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Former President Barack Obama endorses more Ohio candidates

October 2, 2018

Former President Barack Obama endorses more Ohio candidates

WASHINGTON, D.C. - Weeks after holding a rally in Cleveland to boost Democrat Richard Cordray’s gubernatorial campaign, former President Barack Obama on Monday announced endorsements in more Ohio contests.

The Ohio candidates in Obama’s latest round of 260 endorsements include Democratic treasurer candidate Rob Richardson, as well as congressional candidates Betsy Rader and Susan Moran Palmer. His state legislative picks include Rachel Crooks, who has accused President Donald Trump of forcibly kissing her in 2006. Trump has denied the allegation.

Obama’s office said many of his latest selections were in close races where his support would make a meaningful difference.

Today, I’m proud to endorse even more Democratic candidates who aren’t just running against something, but for something—to expand opportunity for all of us and to restore dignity, honor, and compassion to public service. They deserve your vote: pic.twitter.com/NO5jnhX3XD— Barack Obama (@BarackObama) October 1, 2018

 

 “They’re running to expand opportunity and restore the honor and compassion that should be the essence of public service,” Obama said of his list of endorsed candidates.

In August, Obama endorsed 81 candidates around the nation. The 16 Ohioans on that list included Cincinnati-area congressional candidates Aftab Pureval and Jill Schiller, as well as nine state legislative candidates and the Democratic party’s candidates for attorney general, secretary of state and auditor.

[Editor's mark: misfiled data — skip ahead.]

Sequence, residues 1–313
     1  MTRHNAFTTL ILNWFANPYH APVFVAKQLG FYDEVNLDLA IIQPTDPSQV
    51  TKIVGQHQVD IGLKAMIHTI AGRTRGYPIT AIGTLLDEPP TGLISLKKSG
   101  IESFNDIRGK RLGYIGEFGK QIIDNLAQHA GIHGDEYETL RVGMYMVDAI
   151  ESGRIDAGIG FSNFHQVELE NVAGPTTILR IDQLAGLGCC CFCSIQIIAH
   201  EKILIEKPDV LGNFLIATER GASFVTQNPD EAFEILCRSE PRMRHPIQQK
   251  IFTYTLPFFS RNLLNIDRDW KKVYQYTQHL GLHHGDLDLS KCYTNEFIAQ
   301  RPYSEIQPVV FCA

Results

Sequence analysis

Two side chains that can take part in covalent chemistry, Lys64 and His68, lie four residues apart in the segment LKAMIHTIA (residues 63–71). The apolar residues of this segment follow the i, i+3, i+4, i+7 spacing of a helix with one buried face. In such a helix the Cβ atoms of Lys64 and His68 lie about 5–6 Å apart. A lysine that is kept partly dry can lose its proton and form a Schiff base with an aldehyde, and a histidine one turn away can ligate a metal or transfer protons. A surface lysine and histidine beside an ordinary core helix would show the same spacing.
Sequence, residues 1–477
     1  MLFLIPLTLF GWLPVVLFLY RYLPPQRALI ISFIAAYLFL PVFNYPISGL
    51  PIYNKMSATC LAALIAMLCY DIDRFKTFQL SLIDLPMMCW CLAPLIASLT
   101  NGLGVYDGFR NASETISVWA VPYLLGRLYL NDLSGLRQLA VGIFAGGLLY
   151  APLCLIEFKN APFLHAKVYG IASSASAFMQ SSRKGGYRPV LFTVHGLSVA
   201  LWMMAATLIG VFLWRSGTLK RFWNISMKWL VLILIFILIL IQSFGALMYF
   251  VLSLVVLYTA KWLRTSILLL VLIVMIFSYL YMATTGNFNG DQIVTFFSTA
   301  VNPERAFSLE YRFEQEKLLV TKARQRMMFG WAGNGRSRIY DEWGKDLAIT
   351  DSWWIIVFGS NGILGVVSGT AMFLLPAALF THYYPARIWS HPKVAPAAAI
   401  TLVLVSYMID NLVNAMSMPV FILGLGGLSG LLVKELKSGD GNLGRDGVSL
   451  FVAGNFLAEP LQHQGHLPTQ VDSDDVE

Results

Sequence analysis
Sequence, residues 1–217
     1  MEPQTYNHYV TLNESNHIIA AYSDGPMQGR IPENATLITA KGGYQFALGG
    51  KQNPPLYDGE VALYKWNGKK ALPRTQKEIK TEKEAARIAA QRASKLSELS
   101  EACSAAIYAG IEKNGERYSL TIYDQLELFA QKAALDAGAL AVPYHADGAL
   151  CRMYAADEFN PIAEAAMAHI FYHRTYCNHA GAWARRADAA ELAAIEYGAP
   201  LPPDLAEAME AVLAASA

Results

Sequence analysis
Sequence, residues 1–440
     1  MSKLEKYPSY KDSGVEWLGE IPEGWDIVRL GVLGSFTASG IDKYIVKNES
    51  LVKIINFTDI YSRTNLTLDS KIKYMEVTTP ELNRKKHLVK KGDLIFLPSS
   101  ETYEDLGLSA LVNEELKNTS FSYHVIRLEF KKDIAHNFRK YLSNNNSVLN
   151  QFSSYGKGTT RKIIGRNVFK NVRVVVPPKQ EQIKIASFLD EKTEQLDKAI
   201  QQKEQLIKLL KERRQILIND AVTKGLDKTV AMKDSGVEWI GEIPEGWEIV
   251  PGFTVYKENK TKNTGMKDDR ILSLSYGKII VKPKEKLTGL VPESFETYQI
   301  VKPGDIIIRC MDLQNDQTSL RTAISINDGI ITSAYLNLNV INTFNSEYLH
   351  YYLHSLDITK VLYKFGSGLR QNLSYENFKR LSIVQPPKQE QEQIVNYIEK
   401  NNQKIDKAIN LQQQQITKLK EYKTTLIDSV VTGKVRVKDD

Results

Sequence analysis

Statements from Rader and Moran Palmer said they were honored by Monday’s endorsement.

“Like so many families in our district, I’m incredibly thankful for his work passing the Affordable Care Act that has improved the lives of millions of Americans,” Rader said of Obama.

Tim Lolli, the campaign manager for Moran Palmer’s opponent - Republican Anthony Gonzalez - said the endorsement was no surprise.

“Where is the news in this?” Lolli asked in an email. “She is a Democrat, right?”

When Obama came to visit Ohio on Cordray’s behalf, Ohio Republican Party Chair Jane Timken said Democrats might think Obama’s support would “motivate voters this midterm election season, but what they fail to understand is Ohioans have consistently rejected Democrat policies of over-regulation, increased spending and higher taxes.”

Today I’m proud to endorse such a wide and impressive array of Democratic candidates – leaders as diverse, patriotic, and big-hearted as the America they’re running to represent: pic.twitter.com/gWzalQhFas— Barack Obama (@BarackObama) August 1, 2018

 

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